Auto financing with Morrie’s

When you’re looking for an auto loan, it pays to shop around. Morrie’s helps you compare auto loan rates and loan terms from multiple lenders. Compare different types of automobile loans, including new car loans, used car loans, and auto refinancing options.




Let’s say you take out a car loan for $12,000 to be paid back over five years (or 60 months) at an interest rate of 10%. Your monthly payments for this loan would be $254.96. You can calculate the payment yourself using the following equation:

Car Monthly Payment Equation for car loan interest:

Or, you can just use our car loan calculator. For sake of simplicity in this example, make the tax rate 0%.

Since your interest charge every month is based on how much you still owe on your loan, you can reduce your interest charges by making unscheduled payments that bring down your loan balance. When you make unscheduled payments, you are engaging in an accelerated car loan payoff which will reduce the total amount of interest charges you pay over the course of your loan and may help you pay back your loan faster than originally planned.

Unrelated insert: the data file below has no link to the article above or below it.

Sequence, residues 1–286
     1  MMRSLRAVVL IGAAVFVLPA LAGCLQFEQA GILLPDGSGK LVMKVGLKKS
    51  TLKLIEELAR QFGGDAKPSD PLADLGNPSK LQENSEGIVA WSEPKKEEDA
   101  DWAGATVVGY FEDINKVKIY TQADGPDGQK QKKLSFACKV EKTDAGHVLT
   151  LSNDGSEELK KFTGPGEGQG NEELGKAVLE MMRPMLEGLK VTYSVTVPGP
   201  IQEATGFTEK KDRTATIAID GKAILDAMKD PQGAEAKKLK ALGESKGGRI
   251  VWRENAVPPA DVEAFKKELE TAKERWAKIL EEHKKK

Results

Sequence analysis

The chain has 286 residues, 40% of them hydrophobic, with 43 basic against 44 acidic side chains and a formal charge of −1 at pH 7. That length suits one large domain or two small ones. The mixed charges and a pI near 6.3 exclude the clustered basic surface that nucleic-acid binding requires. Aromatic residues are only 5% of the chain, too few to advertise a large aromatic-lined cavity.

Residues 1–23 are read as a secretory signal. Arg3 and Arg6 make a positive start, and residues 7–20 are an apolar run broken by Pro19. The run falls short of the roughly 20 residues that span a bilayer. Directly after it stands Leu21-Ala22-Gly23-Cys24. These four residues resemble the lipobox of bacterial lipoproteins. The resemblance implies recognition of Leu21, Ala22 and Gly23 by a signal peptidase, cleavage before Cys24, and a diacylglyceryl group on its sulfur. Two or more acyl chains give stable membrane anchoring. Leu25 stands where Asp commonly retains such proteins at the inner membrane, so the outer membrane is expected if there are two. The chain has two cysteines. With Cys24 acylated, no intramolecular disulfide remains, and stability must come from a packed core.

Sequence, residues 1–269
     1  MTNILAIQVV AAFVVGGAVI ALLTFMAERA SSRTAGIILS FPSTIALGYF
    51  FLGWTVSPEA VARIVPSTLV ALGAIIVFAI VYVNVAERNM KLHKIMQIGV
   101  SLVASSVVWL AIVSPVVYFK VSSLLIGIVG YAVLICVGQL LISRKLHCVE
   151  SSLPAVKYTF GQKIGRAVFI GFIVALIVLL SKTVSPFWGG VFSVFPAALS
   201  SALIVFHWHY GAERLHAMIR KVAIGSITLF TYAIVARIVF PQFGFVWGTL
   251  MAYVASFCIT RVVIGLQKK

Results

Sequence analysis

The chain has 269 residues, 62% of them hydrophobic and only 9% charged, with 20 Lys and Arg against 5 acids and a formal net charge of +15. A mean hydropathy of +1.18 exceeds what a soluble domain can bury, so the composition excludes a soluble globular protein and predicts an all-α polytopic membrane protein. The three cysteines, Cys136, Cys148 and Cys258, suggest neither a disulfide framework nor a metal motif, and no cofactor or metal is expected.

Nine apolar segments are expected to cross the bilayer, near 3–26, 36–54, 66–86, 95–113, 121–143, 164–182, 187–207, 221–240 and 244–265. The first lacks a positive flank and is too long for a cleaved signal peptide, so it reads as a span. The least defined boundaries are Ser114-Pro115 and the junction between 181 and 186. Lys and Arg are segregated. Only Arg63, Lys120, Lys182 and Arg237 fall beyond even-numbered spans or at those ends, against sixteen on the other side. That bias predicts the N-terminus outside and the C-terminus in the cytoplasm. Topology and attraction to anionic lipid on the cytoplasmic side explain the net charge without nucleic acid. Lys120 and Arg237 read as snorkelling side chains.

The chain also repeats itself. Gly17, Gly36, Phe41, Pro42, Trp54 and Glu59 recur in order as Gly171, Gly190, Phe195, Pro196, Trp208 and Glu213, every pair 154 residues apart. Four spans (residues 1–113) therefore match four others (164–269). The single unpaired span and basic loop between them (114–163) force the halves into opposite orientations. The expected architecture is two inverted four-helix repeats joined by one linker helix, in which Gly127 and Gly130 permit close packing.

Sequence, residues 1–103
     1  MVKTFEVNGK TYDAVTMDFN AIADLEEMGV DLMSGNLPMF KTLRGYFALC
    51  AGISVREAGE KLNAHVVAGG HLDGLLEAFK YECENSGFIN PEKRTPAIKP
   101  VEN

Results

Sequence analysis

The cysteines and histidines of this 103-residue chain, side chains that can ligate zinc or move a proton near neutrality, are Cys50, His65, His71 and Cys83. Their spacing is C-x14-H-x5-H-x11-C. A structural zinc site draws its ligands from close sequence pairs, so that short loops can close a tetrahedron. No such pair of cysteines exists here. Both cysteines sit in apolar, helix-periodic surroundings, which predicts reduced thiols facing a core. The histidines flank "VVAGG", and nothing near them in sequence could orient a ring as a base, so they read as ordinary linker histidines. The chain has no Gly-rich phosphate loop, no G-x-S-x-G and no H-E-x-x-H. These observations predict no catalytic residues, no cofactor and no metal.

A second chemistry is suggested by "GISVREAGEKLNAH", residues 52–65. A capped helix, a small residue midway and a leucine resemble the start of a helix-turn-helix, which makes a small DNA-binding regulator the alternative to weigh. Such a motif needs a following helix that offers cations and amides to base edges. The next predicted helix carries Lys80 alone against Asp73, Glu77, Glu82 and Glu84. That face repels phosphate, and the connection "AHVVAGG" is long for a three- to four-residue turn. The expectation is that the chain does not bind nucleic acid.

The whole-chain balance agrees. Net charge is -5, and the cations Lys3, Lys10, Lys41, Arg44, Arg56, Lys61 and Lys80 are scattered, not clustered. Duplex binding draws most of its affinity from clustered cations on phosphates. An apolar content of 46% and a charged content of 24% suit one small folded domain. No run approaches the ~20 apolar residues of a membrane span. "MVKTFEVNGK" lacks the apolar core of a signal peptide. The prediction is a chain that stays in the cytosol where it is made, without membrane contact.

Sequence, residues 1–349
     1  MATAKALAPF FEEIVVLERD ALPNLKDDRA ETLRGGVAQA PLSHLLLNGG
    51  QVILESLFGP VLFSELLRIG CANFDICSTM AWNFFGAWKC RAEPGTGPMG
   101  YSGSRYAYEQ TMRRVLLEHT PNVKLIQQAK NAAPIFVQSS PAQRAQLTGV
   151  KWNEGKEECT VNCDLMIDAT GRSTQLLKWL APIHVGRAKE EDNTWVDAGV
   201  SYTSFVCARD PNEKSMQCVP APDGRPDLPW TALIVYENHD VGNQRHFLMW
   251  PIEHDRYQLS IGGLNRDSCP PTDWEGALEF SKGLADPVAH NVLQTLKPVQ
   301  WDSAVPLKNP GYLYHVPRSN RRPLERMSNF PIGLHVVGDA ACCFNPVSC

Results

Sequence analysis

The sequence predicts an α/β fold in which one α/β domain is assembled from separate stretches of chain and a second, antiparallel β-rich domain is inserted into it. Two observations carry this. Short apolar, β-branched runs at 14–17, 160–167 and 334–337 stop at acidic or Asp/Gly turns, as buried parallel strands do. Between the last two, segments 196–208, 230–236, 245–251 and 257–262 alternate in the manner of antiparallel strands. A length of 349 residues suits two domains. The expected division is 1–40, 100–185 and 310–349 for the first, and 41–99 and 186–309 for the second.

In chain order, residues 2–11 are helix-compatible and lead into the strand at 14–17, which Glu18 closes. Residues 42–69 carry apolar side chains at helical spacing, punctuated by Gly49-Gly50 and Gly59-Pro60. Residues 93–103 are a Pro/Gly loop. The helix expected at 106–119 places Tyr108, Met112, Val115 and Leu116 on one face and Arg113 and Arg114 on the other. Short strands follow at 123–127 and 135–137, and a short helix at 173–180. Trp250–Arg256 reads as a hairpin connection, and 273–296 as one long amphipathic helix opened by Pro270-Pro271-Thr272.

Paying a debt like a car loan early is generally a good thing, because you end up paying less interest charges. However, you should always consider your entire financial situation before choosing to make unscheduled payments. Obviously, you need to have the extra cash to make such a payment, but even if you do, you have to ask yourself if you have better uses for that extra money. For example, if you owe money on a credit card, then you are probably better off paying down that credit card’s balance before making an unscheduled car loan payment. Ultimately, you should consider carefully if an accelerated payoff makes sense for you.

If you cannot afford to pay extra each month for you car loan, but would still like to pay less for your car in the long run and/or reduce your monthly payments, you may want to consider refinancing your car. If you refinance to a lower interest rate, you may pay significantly less for your car loan.

Try our auto loan refinancing calculator to see how refinancing may be able to help you.